Talbot Mundy had a wandering foot, as my grandfather would say. Born in London in 1879, he had visited (by his own account) India, Africa, Australia and several European nations before coming to the US in 1909. He traveled widely across America and Mexico, also visiting Egypt and Palestine after World War I. He claimed to have met a number of famous people during his travels, including G.K. Chesterton, Rudyard Kipling and T.E. Lawrence (Lawrence of Arabia), as well as a number of others he did not name. For example, the character of Jimgrim was supposedly based in part on Lawrence and one or more unnamed members of British Intelligence he had met in India, Africa and Palestine. Mundy also dropped hints that he himself had worked for the British at one time or another while traveling overseas. Later in life, he would say that as a young man he was a bald-faced liar, so just how credible were these claims? Was Talbot Mundy a spy?
It isn’t beyond reason for someone like Mundy to be involved with gathering intelligence. Others have done so, one example being the case of American science fiction writer Cordwainer Smith. It has been almost 80 years since his death, but perhaps a look at what we know of Talbot Mundy can tell us more about this possibility. What skills and abilities did he possess that might have enabled a career as a spy?
1. Familiarity with Firearms – from all accounts, Mundy hunted foxes, pheasants, elephants and tigers; he would have known how to use a gun.
2. Physical Courage – One of Mundy’s first non-fiction articles was about his experiences “pig-sticking”, that means boar-hunting with a spear from horseback. Boar hunting with a spear is an extremely dangerous sport; boars are notoriously tough (boar spears are made with a crossbar to prevent the boar from pushing its way up the spear when impaled) and can seriously wound or kill a horse or a man in a matter of seconds. Talbot Mundy was an enthusiastic boar-hunter, so I think we can say that he did indeed possess courage.
3. Familiarity with Different Languages – Before coming to the United States, Mundy lived in Germany, India, South Africa, and the Portuguese, German and British colonies in East Africa. After moving to the US, he spent time living in Mexico and Palestine. Unfortunately, I have been unable to determine exactly which languages he was conversant in.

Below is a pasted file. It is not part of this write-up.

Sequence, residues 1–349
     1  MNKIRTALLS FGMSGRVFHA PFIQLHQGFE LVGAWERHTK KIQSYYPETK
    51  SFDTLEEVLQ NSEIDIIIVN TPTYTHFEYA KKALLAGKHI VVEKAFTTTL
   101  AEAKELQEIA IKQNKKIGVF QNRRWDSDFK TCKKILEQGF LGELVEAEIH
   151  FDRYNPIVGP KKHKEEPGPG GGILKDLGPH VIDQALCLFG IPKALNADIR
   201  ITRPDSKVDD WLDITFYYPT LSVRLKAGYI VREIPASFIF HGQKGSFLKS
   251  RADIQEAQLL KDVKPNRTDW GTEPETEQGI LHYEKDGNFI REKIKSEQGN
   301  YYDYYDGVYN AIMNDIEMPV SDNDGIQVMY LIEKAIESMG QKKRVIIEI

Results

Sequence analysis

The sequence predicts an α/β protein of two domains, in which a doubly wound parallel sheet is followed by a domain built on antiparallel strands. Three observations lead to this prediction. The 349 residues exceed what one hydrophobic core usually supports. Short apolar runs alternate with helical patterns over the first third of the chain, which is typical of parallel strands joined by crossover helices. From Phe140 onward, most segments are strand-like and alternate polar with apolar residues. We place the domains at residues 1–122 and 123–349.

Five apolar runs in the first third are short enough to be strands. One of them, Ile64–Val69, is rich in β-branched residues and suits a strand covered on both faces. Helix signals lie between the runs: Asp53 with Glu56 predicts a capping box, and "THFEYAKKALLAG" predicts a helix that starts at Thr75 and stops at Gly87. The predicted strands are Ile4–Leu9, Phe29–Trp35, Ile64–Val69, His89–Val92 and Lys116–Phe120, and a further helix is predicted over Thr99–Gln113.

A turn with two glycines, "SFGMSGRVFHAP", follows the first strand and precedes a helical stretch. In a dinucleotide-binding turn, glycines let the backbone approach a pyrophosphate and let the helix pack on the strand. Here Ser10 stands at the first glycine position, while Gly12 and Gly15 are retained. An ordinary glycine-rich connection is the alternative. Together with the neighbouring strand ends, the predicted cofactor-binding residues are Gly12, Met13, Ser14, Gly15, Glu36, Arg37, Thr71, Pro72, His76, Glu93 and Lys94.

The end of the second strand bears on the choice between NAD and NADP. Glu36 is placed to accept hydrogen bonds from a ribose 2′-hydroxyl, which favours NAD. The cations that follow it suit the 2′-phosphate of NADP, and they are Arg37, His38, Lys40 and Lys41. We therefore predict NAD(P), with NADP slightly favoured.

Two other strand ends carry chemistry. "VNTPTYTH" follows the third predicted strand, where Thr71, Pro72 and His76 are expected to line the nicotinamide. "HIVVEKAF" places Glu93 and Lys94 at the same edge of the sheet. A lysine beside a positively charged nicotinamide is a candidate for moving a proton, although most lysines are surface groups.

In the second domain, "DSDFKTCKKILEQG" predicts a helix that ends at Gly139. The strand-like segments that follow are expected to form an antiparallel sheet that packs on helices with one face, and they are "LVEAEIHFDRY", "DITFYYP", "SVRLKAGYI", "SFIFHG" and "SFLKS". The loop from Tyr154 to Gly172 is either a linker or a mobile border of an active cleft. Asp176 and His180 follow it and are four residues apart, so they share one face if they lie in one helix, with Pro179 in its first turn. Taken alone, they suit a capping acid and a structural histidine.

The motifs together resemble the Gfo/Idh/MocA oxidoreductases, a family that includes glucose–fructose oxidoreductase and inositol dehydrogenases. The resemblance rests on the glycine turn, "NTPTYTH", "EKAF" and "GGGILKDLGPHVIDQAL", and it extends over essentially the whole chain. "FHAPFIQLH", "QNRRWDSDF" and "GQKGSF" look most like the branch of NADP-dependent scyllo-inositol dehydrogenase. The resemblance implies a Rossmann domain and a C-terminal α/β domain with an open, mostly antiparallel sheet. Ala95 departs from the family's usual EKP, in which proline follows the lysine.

4. Moral Flexibility – Before starting his career as a writer, Talbot Mundy could charitably be described as a con man; he himself said he had been a “wastrel… a bald-faced liar”. We know for a fact that he spent some of his time in East Africa poaching and smuggling ivory and apparently did time on a road gang for it. In 1910, he and his wife were charged with using false information to enter the United States. Those charges were dropped, but Mundy would have been familiar with both sides of the Law.
5. Being in the Right Place at the Right Time – Talbot Mundy was in Peshawar as a reporter during the Mahsud uprising in 1901, he spent years in South and East Africa between the Second Boer War and the beginning of World War I and apparently became adept at moving across the borders between the Portuguese, German and British colonies when he needed to. While he was employed as the town clerk on the frontier at Kisumu, he survived three different tribal uprisings against British rule in 1904-05. After WWI, Mundy helped establish and run the first English-language newspaper in Jerusalem during the Nebi Musa riots in 1920. This could have all been coincidence, of course.
6. Patriotism – Some critics accused Talbot Mundy of having an anti-British bias; he differed from many writers at that time in being anti-colonial and in being sympathetic to peoples who were ruled by, or in opposition to, imperial power. However, Mundy was a vocal supporter of Great Britain during both World Wars and an advocate of the United States joining Britain in fighting against her enemies. Before his death in 1940, he referred to Hitler, Stalin, Mussolini and Franco as “the Four Horsemen of the Apocalypse”.
Did Talbot Mundy have the ability and the opportunity to have served as an intelligence agent for Great Britain and/or the United States? It certainly appears so, but what kind of secret agent would write dozens of short stories and novels about agents serving Great Britain in the Great Game, let alone suggest that he was one himself and then come out and publicly call himself a liar? Who would believe him?
Was Talbot Mundy a spy? We don’t know; it has been too long and too much shadow has fallen over the man and the times he lived in for us to say with any certainty.
But he could have been.